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Please do not throw away your clothes: why some people are arguing it is a more sustainable option than renting
Lo and behold, there was a bit of controversy recently in the world of making fashion better. Important research carried out by the University of Finland stated that renting is worse than throwing away your clothes. Though the paper is jam-packed with helpful information, some people felt a bit… uneasy after reading it.
Lo and behold, there was a bit of a controversy recently in the slow fashion world. An important research carried out by the LUT University in Finland compared the global warming potential of different ways of purchasing and using jeans and how we dispose of them. Some scenarios included: throwing the jeans away, wearing the jeans for longer, re-selling them, recycling them through industrial processing into new raw materials, or sharing them through a rental service. Though the paper is jam-packed with helpful information, some people felt a bit… uneasy after reading it.
Here is where things start to go downhill for this study.
It concluded that renting clothes, which is highly known as a sustainable way of shopping, has a higher global warming potential than throwing them away, which is not that sustainable (shocker, we know) . Lots of news sources fixated on this bit of information, reporting to their audiences that “Renting clothes is ‘less green’ or ‘less sustainable’ than throwing them away” (@dazedfashion, we see you).
But, is this really a big deal?
For starters, it urges people to throw away clothes because of misinformed information. The article never stated that renting is less ‘green’ or ‘sustainable’ as a whole than throwing away clothing.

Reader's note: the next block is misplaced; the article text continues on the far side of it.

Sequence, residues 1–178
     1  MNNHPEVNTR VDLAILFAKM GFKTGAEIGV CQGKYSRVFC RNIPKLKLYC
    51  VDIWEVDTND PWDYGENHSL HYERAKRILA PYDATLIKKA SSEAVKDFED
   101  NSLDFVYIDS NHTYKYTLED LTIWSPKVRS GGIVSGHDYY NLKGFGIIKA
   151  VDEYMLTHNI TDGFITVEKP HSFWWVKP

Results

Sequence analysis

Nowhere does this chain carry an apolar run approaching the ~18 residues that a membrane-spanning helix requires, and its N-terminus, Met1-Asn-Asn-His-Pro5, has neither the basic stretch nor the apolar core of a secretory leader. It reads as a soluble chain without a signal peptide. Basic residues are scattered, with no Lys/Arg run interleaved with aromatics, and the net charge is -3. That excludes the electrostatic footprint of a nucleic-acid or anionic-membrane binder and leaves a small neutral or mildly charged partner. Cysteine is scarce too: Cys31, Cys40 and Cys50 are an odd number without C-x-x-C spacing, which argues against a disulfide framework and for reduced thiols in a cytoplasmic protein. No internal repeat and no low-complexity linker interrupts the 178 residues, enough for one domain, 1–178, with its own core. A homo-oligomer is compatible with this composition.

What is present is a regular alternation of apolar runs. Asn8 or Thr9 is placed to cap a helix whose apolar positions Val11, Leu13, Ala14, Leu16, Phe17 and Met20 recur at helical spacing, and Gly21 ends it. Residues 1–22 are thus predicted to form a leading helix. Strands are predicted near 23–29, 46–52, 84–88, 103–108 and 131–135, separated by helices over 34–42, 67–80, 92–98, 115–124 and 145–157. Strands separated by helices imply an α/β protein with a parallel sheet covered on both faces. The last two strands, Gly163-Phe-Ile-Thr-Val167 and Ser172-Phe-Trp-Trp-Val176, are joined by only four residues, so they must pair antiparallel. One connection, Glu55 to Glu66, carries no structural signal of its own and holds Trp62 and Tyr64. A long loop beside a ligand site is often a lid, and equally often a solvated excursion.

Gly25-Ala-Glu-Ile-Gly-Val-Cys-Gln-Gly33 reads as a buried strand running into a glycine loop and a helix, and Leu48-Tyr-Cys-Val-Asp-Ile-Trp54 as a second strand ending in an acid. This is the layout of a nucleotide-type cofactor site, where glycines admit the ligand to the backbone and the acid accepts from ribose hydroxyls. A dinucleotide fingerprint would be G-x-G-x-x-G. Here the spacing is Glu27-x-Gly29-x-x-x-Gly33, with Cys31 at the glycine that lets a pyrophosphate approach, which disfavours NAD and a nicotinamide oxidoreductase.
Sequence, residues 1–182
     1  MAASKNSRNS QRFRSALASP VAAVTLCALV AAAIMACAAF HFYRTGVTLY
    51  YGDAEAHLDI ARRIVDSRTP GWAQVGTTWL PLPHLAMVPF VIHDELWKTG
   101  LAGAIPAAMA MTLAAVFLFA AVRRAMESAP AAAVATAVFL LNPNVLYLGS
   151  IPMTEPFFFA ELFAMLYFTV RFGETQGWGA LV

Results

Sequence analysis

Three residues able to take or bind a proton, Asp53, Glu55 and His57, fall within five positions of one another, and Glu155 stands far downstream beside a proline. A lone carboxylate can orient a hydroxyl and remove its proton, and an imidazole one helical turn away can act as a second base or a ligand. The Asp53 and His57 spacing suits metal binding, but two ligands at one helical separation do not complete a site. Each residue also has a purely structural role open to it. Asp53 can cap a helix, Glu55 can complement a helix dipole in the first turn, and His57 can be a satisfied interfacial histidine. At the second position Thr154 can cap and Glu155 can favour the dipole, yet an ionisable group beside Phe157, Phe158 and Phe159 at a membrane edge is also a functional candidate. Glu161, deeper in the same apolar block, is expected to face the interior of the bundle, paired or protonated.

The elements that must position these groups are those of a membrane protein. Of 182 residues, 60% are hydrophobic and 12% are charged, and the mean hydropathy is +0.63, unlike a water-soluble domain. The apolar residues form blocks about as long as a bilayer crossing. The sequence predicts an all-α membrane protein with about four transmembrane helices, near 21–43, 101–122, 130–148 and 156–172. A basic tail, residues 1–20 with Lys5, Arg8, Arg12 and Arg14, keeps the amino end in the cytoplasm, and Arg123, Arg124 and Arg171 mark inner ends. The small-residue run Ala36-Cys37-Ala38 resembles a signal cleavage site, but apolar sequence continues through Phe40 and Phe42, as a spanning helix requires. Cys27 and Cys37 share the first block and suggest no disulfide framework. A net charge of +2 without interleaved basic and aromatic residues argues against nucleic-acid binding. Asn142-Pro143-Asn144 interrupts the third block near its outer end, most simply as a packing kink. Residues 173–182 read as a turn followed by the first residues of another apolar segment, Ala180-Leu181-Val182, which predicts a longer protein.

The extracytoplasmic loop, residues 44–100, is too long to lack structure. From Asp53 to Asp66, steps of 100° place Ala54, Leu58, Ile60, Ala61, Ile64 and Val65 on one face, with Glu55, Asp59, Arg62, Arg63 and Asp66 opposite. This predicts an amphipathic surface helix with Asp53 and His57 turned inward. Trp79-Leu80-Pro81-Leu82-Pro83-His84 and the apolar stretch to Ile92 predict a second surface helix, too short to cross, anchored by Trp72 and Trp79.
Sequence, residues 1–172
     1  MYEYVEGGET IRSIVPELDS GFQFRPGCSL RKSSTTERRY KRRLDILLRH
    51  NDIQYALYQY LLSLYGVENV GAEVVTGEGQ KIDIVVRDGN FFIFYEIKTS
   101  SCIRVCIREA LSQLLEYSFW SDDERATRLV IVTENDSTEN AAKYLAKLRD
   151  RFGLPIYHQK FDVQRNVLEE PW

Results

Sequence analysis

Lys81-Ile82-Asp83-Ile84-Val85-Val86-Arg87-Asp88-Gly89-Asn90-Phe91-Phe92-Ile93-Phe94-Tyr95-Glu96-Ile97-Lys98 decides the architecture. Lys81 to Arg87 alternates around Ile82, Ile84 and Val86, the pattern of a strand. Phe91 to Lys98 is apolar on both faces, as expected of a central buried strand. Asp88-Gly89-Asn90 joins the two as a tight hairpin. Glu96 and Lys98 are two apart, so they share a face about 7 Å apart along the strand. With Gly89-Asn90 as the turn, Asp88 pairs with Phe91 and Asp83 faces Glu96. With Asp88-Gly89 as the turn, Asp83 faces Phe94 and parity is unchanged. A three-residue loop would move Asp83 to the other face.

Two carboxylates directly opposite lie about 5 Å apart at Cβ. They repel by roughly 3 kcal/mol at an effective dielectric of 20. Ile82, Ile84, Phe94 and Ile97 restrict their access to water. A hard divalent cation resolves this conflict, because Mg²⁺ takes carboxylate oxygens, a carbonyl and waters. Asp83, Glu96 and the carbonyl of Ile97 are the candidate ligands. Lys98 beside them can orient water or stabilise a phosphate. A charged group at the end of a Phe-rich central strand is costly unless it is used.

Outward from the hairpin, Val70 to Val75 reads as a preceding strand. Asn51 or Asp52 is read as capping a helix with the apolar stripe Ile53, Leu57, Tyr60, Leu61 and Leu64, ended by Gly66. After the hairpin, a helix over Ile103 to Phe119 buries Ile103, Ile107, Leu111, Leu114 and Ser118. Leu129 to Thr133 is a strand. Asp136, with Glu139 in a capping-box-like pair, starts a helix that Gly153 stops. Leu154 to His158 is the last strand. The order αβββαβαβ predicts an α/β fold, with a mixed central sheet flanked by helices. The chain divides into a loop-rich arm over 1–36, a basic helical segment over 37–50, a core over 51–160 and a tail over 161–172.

‘Green’ and ‘sustainability’ can mean many different things like we talk extensively about on Renoon, and it doesn’t always mean super low carbon emissions. They say explicitly in the study that their analysis should, but doesn’t, include impacts on water, land, biodiversity, and human communities.
Let’s really think about it: how could throwing out an item instead of renting it save natural resources? Or divert waste pollution? Does it magically disappear off the face of the earth? Can we easily click the ‘delete’ button on clothes? Because if that’s the case, then sure, the article is right! Otherwise, we don’t think so.
Moving on, there is also the teeny tiny issue of generalising information. It is not possible to generalise all clothing.
Let’s take jeans as an example. On average, they are worn many more times than occasion wear, which is typically only worn once or twice before getting donated or thrown away. Renting jeans for a week doesn’t really extend how many times the jeans are getting worn, but renting an occasion wear piece for a week would nearly double the amount of wear of the garment every single time it is worn and decrease the need to buy new.
On top of that, the study also generalises the transportation and washing practices employed by renting companies. Some renting sites are only city-wide, so senders don’t have to mail their items far to get to you, while others are global, having significantly different carbon footprints. Some rental places dry-clean every item while others wash them normally. Some renting places rent pieces for a week, while others can rent to you for up to years at a time. Some rental places use eco-friendly packaging, while others use plastic. Shall we continue listing the differences?
And now that you’re in the loop, what’re you supposed to do?
As usual, it is all up to you and your priorities when shopping responsibly. If carbon emissions are your top concern, maybe stay away from global renting companies until they change their transportation habits. Or maybe just rent occasion-wear. It is completely up to you.
But please, pretty please, don’t just throw your clothes away. Let’s opt for more responsible ways!
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